Thousands of employees of multinational companies will be exempt from the government's immigration cap, Prime Minister David Cameron has indicated.
The government is still deciding on the level at which the cap will be set - and to whom it will apply.
But speaking at Prime Minister's Questions, Mr Cameron said: "Intra-company transfers shouldn't be included in what we are looking at."
Labour said the cap policy was "unravelling before our eyes".
The cap on migrant numbers from outside Europe comes into effect next year.
The majority of skilled workers entering the UK from outside the European Economic Area come in on intra-company transfers. In 2009, they accounted for 22,000 out of a total of 36,490 skilled migrants.
Under present rules, workers on intra-company transfers can stay for up to five years.
The immigration cap - which was a key part of the Conservatives' election manifesto - is aimed at cutting net immigration from its current level of 196,000 a year to "tens of thousands". A temporary cap of 24,100 will be replaced by permanent measures from April 2011.
But it has provoked a furious backlash from businesses, who claim it will leave them at a competitive disadvantage.
Companies have been particularly angry about intra-company transfers being included in the cap - even though the Home Office believes some companies, particularly in the IT sector, have been transferring cheap staff to the UK to do jobs that could be filled by UK graduates.
But according to the Financial Times, companies in other sectors have threatened to close British plants and move overseas if they are not allowed to bring in staff from their operations in other countries.
At Prime Minister's Questions, Mr Cameron appeared to suggest that the business lobby had got its way.
He was asked by Lib Dem MP Sir Robert Smith to ensure industry's concerns about the "future of the visa system" were addressed by the Home Office "to ensure that vital inward investment is not lost to this country".
Mr Cameron replied: "As we look through the last government's points system and immigration policy, we really do believe that it is not going to be difficult to achieve much better immigration control without disadvantaging business.
"For instance, things like intra-company transfers shouldn't be included in what we are looking at."
The Home Office declined to comment on Mr Cameron's words. Downing Street said the prime minister had "made it clear that Britain is open for business and will continue to attract the brightest and the best".
A spokeswoman said she could not comment on the level the cap would be set at, or any exemptions, but said the policy would "deliver for business".
Mr Cameron's intervention suggest that business secretary Vince Cable, who has been lobbying for a more flexible cap, has won his battle with the Home Office over the issue.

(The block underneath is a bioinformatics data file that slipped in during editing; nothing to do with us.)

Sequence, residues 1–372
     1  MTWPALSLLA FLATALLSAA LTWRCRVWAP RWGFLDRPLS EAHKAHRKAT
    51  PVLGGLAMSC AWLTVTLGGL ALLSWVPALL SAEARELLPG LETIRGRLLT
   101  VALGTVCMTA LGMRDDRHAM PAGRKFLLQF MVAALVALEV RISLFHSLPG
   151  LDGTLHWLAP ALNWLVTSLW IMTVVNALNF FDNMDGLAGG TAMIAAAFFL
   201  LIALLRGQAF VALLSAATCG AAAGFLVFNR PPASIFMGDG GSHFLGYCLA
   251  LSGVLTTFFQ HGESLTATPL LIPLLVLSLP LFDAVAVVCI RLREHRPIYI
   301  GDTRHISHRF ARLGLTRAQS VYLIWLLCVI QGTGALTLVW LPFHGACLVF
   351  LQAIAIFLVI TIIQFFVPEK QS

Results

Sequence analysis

Shadow immigration minister Phil Woolas, for Labour, said: "As we predicted, this policy is unravelling before our eyes, with coalition ministers at war behind the scenes.
"But the government needs to go back to the drawing board and rethink the whole policy. As the home affairs select committee concluded, the cap is not only bad for business and our economy but it also does little to control immigration. And we've also heard this week how it is set to damage cancer research in this country.
"Instead of an arbitrary and inflexible cap, the new points-based system Labour introduced allowed us to manage migration without damaging the economy."
The CBI has been urging the government to exempt intra-company transfers from the cap, arguing that the they "enhance the UK's attractiveness as a global location for investment and jobs".
But Sir Andrew Green, of the Migration Watch think tank, said the system was being abused - and was shutting many UK graduates out of the jobs market.
"In 2009. over half of all intra-company transfer visas issued went to Indian IT workers - 10,000 to just three companies.
"They are clearly undercutting tens of thousands of unemployed UK IT workers while computer science graduates suffer the highest unemployment of any discipline, currently 16%."
He said intra-company transfers could be "substantially reduced" by "returning this route to its original purpose of bringing key staff to the UK offices of a multinational company".
"To do so, the minimum salary level should be raised to £50,000, and the cost of sponsorship increased dramatically in line with the number of visas requested," he added.
It comes as a committee of MPs said the cap was unlikely to aid the government in its aim of cutting net immigration - and ministers may need to look at fresh curbs on international students and those joining family members in the UK to bring the numbers down.
The Home Affairs committee also warned that industry and scientific research could be damaged by the cap.